Lea, P.D., 1990, Quaternary environments and depositional systems of the Nushagak lowland, southwestern Alaska: University of Colorado, Boulder, Ph.D. dissertation, 355 p., illust.
Unconsolidated sediments in the southern Nushagak lowland provide a detailed record of Quaternary environmental change. The Nushagak Formation and Halfmoon Bay(?) drift are glacial and proglacial fluvial/estuarine deposits associated with an extensive advance of ice from the Ahklun Mountains and Alaska Peninsula. Both units have been deformed by advancing glaciers to create large ice-thrust moraines. Two overlying nonglacial sedimentary complexes have yielded pollen and beetle fossils. The Flounder Flat complex represents mainly deposits of colder-than-modern tundra lakes. The younger Etolin complex includes organic silt and associated inorganic sediments that accumulated in swales and on lower slopes >40,000 yr B.P. Lowermost peaty silt of the Etolin complex locally contains pollen spectra indicative of birch-shrub tundra, whereas higher samples suggest a colder-than-modern graminoid tundra. The Igushik Formation forms a ubiquitous blanket of periglacial eolian sediments deposited during the last glaciation. The distribution of eolian facies, including loess, sand-sheet deposits, and loess-sand intergrades, is controlled primarily by spatial and temporal variations in former outwash source zones, and secondarily by paleowind vectors. Initial aggradation of eolian sand was followed by deposition of the Tunuing Silt Bed, representing a long-lived slackening of eolian sedimentation about 22,000-17,000 yr B.P. The bulk of eolian sand-sheet deposits accumulated between about 17,000 and 12,500 yr B.P., after which climatic warming led to rapid ice retreat, a consequent sharp reduction in eolian sedimentation, and irreversible degradation of permafrost. Detailed facies analysis was undertaken of two depositional systems. Contemporaneous glacial-tectonism of proglacial intertidal and fluvial deposits of the Nushagak Formation produced a distally accreting wedge of deformed sediment that dictated the overall pattern of sediment dispersal and led to extensive gravity-driven resedimentation. Periglacial eolian sediments in southwestern Alaska are dominated by sand-sheet deposits and sand-loess intergrades. Similar sediments dating to the maximum of the last glaciation are probably widespread throughout Alaska, despite previous emphasis on end-member facies: sand-dune deposits and loess. Many surface dunes, heretofore ascribed to the glacial maximum, probably formed later by reworking of underlying sand-sheet deposits.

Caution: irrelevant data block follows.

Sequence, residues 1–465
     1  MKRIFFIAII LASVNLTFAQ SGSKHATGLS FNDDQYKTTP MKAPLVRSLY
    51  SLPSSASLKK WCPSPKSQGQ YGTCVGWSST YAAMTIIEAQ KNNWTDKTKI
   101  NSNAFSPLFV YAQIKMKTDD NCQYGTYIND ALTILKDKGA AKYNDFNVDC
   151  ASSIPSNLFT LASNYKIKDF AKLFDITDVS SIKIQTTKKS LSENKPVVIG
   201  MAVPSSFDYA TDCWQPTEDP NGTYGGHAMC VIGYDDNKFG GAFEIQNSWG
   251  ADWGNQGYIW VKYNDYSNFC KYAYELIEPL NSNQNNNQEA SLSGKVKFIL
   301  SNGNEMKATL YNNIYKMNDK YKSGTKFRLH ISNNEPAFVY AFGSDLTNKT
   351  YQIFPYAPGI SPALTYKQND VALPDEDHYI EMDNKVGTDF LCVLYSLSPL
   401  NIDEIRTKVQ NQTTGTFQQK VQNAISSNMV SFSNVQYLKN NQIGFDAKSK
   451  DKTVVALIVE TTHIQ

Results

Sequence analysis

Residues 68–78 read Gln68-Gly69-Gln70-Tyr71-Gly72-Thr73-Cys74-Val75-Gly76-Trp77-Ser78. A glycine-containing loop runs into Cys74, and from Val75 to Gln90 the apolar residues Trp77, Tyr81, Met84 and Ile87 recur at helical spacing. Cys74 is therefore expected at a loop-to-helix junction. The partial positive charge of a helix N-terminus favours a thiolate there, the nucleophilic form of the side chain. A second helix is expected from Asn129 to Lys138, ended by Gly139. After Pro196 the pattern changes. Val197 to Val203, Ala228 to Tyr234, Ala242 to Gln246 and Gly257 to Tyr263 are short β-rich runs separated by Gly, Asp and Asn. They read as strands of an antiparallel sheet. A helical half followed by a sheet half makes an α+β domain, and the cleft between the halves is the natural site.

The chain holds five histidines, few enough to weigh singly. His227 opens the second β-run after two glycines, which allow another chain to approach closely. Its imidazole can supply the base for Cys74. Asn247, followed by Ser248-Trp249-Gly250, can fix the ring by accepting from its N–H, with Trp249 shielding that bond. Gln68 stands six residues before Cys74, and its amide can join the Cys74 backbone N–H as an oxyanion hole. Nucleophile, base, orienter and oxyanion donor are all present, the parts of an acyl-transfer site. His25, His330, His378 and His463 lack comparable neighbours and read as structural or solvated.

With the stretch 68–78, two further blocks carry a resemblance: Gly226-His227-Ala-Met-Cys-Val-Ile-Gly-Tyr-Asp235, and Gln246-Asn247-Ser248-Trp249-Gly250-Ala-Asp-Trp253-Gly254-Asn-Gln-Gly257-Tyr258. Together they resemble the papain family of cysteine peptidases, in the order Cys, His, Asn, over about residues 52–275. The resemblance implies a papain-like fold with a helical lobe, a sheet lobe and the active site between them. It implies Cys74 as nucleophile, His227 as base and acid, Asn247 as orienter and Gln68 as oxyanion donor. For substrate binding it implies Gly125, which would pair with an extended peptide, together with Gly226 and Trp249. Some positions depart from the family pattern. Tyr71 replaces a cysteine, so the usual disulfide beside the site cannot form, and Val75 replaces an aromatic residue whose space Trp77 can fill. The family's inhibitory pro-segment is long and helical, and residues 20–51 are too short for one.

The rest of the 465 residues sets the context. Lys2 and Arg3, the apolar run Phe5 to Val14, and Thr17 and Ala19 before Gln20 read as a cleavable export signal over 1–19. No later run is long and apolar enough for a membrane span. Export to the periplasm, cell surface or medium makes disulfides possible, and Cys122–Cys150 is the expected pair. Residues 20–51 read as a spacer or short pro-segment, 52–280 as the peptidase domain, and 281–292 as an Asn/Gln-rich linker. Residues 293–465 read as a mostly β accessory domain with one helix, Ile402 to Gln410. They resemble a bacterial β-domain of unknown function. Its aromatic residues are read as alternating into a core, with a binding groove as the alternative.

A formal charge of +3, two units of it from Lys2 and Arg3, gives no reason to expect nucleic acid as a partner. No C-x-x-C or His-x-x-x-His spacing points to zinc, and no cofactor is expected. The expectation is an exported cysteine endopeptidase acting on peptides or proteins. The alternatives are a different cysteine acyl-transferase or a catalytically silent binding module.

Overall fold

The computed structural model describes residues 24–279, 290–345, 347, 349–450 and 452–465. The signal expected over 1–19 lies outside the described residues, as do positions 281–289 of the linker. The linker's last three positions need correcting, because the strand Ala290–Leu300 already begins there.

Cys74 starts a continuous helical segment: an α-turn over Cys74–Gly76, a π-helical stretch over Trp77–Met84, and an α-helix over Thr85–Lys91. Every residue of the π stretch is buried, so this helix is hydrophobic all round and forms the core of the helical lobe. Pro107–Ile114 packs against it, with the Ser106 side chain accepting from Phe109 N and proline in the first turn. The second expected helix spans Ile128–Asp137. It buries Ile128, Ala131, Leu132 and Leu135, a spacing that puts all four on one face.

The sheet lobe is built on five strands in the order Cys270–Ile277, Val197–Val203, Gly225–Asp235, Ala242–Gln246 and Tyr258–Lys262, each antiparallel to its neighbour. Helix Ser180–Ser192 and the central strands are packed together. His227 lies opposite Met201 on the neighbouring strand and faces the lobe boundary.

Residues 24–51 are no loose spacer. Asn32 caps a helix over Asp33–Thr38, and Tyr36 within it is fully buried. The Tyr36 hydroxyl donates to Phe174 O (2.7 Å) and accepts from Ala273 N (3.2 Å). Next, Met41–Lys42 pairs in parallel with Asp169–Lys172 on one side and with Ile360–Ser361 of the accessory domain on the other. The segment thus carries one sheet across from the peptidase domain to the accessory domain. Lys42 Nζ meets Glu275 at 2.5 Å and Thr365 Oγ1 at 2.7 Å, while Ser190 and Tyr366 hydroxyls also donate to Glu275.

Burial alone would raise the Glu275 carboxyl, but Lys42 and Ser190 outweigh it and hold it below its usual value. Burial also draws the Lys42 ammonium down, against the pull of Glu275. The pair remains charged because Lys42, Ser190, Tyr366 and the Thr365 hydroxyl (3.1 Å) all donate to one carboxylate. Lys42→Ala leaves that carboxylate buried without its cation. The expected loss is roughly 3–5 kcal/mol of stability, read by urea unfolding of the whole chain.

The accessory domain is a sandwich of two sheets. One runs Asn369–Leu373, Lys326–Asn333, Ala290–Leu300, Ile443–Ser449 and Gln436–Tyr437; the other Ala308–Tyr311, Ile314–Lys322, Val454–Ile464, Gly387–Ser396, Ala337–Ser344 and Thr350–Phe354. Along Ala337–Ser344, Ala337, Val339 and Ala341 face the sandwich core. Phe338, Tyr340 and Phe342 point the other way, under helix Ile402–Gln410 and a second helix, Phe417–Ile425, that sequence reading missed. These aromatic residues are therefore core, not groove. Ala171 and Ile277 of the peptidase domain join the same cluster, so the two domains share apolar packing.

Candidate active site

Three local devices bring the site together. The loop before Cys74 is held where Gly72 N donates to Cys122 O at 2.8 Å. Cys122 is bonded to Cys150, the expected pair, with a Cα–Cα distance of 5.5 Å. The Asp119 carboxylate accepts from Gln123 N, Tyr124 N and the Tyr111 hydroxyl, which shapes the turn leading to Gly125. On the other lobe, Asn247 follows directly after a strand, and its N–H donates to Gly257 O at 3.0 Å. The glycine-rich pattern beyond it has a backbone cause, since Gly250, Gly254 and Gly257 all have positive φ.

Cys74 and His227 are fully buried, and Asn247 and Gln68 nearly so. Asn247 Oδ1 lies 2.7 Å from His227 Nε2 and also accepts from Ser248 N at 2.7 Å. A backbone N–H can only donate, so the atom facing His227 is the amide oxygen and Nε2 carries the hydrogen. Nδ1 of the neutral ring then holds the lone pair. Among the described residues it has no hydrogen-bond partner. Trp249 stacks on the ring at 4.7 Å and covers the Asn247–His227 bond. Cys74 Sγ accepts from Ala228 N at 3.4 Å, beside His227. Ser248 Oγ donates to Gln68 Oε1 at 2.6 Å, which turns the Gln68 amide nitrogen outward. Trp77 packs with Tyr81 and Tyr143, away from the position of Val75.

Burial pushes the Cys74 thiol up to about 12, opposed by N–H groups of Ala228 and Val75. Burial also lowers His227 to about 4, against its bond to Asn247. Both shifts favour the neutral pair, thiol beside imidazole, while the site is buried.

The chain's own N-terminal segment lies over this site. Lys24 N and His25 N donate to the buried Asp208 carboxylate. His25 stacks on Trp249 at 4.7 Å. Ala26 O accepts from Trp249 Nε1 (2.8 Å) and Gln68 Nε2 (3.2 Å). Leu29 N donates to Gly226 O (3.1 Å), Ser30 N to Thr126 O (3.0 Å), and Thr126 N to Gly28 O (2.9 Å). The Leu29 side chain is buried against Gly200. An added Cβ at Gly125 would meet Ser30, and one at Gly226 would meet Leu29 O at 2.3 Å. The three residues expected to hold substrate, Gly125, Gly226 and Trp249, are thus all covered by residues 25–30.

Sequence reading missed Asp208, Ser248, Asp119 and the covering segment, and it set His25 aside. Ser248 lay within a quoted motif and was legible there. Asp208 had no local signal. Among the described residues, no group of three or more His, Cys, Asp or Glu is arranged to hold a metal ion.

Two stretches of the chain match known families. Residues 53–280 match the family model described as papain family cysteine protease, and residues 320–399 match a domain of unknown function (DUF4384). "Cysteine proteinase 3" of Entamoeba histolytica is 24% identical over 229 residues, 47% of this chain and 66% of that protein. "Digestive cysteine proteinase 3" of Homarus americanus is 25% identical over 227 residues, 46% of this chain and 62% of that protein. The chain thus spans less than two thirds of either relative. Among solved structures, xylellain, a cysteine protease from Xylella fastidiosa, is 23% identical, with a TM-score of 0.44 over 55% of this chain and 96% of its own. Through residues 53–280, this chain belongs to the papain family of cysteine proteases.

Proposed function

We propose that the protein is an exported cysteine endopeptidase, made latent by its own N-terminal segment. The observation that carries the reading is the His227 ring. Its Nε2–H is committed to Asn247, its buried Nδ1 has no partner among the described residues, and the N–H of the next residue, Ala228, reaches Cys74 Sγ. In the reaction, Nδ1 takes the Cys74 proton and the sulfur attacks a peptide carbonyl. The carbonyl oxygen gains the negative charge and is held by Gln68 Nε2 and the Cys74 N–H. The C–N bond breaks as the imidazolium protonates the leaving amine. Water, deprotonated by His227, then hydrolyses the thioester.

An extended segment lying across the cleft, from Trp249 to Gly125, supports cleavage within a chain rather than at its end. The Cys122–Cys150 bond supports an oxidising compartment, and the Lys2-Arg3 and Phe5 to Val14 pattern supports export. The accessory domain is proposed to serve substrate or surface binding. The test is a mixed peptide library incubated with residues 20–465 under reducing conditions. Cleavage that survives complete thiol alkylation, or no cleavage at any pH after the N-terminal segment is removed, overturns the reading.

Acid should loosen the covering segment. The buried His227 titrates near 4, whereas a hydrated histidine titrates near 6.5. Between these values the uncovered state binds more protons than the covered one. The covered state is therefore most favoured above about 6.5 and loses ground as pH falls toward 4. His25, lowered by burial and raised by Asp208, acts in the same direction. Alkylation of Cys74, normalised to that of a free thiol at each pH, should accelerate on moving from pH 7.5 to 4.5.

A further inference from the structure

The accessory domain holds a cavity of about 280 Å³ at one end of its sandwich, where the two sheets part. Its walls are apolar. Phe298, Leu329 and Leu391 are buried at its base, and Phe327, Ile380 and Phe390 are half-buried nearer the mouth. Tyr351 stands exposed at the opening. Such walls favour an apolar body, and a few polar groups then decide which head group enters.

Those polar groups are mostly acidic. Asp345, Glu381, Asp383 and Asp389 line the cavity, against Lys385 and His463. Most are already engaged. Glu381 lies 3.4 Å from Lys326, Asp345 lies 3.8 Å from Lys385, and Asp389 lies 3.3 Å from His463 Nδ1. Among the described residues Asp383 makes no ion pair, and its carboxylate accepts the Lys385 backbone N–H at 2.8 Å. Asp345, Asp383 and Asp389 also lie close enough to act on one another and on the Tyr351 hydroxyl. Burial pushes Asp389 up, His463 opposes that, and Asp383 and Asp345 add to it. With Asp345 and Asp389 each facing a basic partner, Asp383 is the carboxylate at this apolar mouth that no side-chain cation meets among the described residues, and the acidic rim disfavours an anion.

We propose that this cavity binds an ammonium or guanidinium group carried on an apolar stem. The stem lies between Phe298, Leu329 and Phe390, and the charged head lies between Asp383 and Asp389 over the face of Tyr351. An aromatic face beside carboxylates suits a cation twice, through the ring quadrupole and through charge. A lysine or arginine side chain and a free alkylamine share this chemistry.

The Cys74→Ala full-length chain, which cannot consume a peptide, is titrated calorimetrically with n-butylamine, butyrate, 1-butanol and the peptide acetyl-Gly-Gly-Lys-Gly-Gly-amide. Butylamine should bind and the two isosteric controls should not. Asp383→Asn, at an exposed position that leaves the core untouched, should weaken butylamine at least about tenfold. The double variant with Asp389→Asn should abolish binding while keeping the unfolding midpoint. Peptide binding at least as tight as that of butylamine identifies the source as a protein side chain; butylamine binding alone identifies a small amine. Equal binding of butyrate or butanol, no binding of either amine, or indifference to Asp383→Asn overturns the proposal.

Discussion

Theses and Dissertations